While the mystery builds over the still officially unexplained disappearance of Malaysian flight MH370, or just who the two passengers with "stolen" passports may have been although we expect a revelation on this issue shortly, the FT has added yet another twist to what is sure to be a conspiracy thriller for weeks to come: the paper reports that the Thai travel agent who booked the tickets for the men in question said that she had been asked to arrange the travel by an Iranian contact. Adding to the confusion is the revelation that originally the mysterious Iranian, known only as Mr. Ali, tried to reserve seats for the two men on separate flights not to China, but to Europe, one on a Qatar Airways flight, and the other on Etihad. And the punchline: a "friend" of Mr. Ali's paid for the tickets in cash.
While central bankers and politicians alike celebrate the great recorvery in the UK, the nation is increasingly divided between the haves and have-nots (or Londoners and non-Londoners). In no way is that more clearly evident that a dreadful new trend that, as The Sunday Post reports, desperate Brits are turning to Facebook to advertise their organs for sale at up to $50,000 despite the medical and legal risks involved.
Early weakness and volatility was entirely suppressed once European markets closed and stocks traded in a shockingly low range amid dreadfully low volume. All the major indices closed red with the Russell underperforming (and Nasdaq outperforming) as stocks tracked (more loosely than normal) with AUDJPY once again. Treasuries ended the day very modestly lower in yield (30Y unch, rest -1bps). The USD traded modestly higher all day led by weakness in GBP and AUD (as JPY ended unch). Gold closed unchanged as copper (China), oil, and silver slipped. Credit markets remain skeptical and VIX closed higher on the day, despite the late-day ramp efforts to get the S&P 500 green - which failed.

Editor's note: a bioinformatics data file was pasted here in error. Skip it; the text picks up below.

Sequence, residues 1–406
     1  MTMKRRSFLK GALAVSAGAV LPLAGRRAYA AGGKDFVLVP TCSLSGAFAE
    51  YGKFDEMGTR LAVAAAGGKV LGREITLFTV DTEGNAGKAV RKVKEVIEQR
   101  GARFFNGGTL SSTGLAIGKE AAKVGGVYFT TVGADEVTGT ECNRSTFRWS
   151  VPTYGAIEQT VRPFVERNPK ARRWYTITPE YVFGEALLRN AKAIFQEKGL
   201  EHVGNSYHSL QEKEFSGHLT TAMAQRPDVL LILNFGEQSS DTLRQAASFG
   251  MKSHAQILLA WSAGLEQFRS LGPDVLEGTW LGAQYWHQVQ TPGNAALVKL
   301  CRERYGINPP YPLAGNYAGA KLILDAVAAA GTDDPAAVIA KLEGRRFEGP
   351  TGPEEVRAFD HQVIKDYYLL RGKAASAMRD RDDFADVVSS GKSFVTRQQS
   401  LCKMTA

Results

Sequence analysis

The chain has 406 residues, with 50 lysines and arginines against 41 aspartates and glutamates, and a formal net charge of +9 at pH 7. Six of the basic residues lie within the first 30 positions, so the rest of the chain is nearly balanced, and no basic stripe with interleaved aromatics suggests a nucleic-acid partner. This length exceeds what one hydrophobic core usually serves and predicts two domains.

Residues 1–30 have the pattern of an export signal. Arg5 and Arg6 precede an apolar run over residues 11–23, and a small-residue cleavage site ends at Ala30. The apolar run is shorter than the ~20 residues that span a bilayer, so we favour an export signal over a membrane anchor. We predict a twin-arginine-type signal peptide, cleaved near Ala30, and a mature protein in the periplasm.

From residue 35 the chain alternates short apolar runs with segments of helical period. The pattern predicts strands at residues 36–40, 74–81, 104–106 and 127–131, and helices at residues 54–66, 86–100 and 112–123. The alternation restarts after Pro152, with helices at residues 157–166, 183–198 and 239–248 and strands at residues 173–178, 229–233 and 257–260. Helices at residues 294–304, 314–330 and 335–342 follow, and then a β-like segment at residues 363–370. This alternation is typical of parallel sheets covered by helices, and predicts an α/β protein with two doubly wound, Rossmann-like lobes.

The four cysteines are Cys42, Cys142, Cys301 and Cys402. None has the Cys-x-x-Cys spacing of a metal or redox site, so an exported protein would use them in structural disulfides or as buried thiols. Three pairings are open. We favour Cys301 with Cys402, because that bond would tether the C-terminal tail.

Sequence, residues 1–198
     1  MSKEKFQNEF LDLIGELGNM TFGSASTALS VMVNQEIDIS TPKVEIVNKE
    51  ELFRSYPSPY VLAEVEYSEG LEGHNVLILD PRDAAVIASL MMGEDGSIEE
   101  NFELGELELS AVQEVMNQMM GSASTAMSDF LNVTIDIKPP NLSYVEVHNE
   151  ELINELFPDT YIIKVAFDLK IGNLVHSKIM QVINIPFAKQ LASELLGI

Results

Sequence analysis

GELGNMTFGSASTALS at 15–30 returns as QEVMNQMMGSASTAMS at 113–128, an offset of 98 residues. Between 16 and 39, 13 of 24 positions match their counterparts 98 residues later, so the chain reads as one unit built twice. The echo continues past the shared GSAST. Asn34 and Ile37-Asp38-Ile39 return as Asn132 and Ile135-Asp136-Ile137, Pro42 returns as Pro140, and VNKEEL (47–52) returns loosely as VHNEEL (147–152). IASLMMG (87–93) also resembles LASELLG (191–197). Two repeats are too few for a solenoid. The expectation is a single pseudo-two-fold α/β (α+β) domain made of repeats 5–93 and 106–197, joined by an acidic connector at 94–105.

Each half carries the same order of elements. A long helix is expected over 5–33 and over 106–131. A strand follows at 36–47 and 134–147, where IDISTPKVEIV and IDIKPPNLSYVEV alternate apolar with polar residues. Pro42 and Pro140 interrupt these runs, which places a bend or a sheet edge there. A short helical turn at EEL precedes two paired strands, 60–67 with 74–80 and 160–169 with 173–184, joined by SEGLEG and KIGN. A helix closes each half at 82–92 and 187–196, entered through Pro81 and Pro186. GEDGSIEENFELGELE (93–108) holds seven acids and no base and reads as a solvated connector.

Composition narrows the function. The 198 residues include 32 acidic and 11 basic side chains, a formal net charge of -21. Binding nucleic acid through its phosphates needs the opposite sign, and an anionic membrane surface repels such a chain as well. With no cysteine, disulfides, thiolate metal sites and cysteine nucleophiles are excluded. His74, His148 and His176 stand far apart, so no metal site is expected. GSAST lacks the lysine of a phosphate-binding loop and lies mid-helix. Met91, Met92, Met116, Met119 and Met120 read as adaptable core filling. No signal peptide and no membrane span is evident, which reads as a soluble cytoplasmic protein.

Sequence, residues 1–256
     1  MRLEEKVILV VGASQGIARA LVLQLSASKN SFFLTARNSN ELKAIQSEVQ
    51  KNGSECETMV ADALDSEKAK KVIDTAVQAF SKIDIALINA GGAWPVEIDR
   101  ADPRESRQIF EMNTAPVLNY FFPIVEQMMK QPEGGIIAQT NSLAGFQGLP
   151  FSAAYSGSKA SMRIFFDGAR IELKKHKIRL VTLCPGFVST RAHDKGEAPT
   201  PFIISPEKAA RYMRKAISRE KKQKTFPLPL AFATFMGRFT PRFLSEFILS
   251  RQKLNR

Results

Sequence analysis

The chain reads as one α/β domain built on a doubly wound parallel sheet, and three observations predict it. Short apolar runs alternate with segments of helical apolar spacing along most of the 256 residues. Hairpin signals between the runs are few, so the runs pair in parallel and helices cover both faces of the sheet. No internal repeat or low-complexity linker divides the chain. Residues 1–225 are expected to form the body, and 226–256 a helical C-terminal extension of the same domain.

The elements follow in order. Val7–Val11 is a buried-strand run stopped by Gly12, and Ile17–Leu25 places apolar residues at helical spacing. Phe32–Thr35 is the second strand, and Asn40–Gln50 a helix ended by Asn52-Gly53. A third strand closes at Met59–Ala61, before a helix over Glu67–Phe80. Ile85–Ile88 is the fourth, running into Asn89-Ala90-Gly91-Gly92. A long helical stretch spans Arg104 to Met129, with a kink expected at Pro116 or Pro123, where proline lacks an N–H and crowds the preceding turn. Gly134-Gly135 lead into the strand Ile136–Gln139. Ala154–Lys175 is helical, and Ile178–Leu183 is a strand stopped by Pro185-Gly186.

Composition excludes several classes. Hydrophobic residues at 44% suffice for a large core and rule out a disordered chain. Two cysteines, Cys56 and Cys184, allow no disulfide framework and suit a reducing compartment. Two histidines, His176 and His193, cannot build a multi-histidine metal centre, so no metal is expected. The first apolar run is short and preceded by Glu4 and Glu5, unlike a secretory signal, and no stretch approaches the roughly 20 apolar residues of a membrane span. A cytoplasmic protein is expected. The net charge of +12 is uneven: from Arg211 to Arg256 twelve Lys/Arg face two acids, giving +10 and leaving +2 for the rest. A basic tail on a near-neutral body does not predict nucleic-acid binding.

One month ago, when we last looked at the incredible amount of Chinese new loan issuance, a topic which even the mainstream media is slowly starting to circle in on as the primary source of hot money flow creation in the world, we found the highest loan notional issued by the country's semi-sovereign banks since 2009, and the largest one-month ever monthly total in the largest aggregated, Total Social Financial, series, which rose by an unprecedented CNY2.6 trillion, or over $400 billion in one month! That was just before the tremors surrounding first the potential defaults of several Chinese shadow-banking Trusts, and certainly before the first official corporate bond default which took place last week. Overnight, the PBOC released its latest, February, loan data. As expected, it reveals something else entirely.
One of the two men who used stolen passports to board the missing Malaysia Airlines jet has been identified according to the nation’s inspector general of police. Authorities are not releasing details of his nationality but confirmed he is neither Malaysian nor from Xinjiang, China (the home of the Uighur separatists who have come under suspicion following Taiwanese authorities tip last week warning that terrorists were targeting Beijing’s international airport).
Iron Ore prices have dropped 25% since the end of last year, sending the key steel-making component into a bear market after slumping by over 9% overnight - its biggest daily drop on record. We warned last week this was likely to happen on the heels of Copper prices fell on monetary financing fears as we explained here how Iron Ore replaced copper as the collateral pool for new loans (following China's clampdown on cash-for-copper deals last year) and stockpiles hit record highs. What is further hurting the Iron ore prices are concerns over China's new anti-pollution reforms which are set to close thousands of furnaces.
The disgusting images of face-mask-wearing Chinese going about their daily business in minimal visibility and lung-busting conditions are strewen across the interwebs. However, even fake sun-rises pale into significance when the full dismal reality of China's pollution problem is put in context. Perhaps the following chart is why China's latest round of reforms appear to 'declare war on pollution'.